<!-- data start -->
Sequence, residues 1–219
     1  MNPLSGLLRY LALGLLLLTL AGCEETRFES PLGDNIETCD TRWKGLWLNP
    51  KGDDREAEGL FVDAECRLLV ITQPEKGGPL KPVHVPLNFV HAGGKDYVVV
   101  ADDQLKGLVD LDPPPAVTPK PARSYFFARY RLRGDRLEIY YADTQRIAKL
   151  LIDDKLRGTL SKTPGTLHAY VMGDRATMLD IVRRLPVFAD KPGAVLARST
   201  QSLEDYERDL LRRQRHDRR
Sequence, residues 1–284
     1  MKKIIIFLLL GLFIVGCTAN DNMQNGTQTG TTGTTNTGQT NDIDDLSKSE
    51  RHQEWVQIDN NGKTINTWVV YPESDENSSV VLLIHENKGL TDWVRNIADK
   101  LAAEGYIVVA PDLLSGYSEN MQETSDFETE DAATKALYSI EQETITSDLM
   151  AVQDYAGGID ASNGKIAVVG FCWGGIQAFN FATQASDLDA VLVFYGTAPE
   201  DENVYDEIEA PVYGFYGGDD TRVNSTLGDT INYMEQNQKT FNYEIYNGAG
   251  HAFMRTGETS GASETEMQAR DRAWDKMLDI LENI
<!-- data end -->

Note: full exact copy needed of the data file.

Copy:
Sequence, residues 1–219
     1  MNPLSGLLRY LALGLLLLTL AGCEETRFES PLGDNIETCD TRWKGLWLNP
    51  KGDDREAEGL FVDAECRLLV ITQPEKGGPL KPVHVPLNFV HAGGKDYVVV
   101  ADDQLKGLVD LDPPPAVTPK PARSYFFARY RLRGDRLEIY YADTQRIAKL
   151  LIDDKLRGTL SKTPGTLHAY VMGDRATMLD IVRRLPVFAD KPGAVLARST
   201  QSLEDYERDL LRRQRHDRR
Sequence, residues 1–284
     1  MKKIIIFLLL GLFIVGCTAN DNMQNGTQTG TTGTTNTGQT NDIDDLSKSE
    51  RHQEWVQIDN NGKTINTWVV YPESDENSSV VLLIHENKGL TDWVRNIADK
   101  LAAEGYIVVA PDLLSGYSEN MQETSDFETE DAATKALYSI EQETITSDLM
   151  AVQDYAGGID ASNGKIAVVG FCWGGIQAFN FATQASDLDA VLVFYGTAPE
   201  DENVYDEIEA PVYGFYGGDD TRVNSTLGDT INYMEQNQKT FNYEIYNGAG
   251  HAFMRTGETS GASETEMQAR DRAWDKMLDI LENI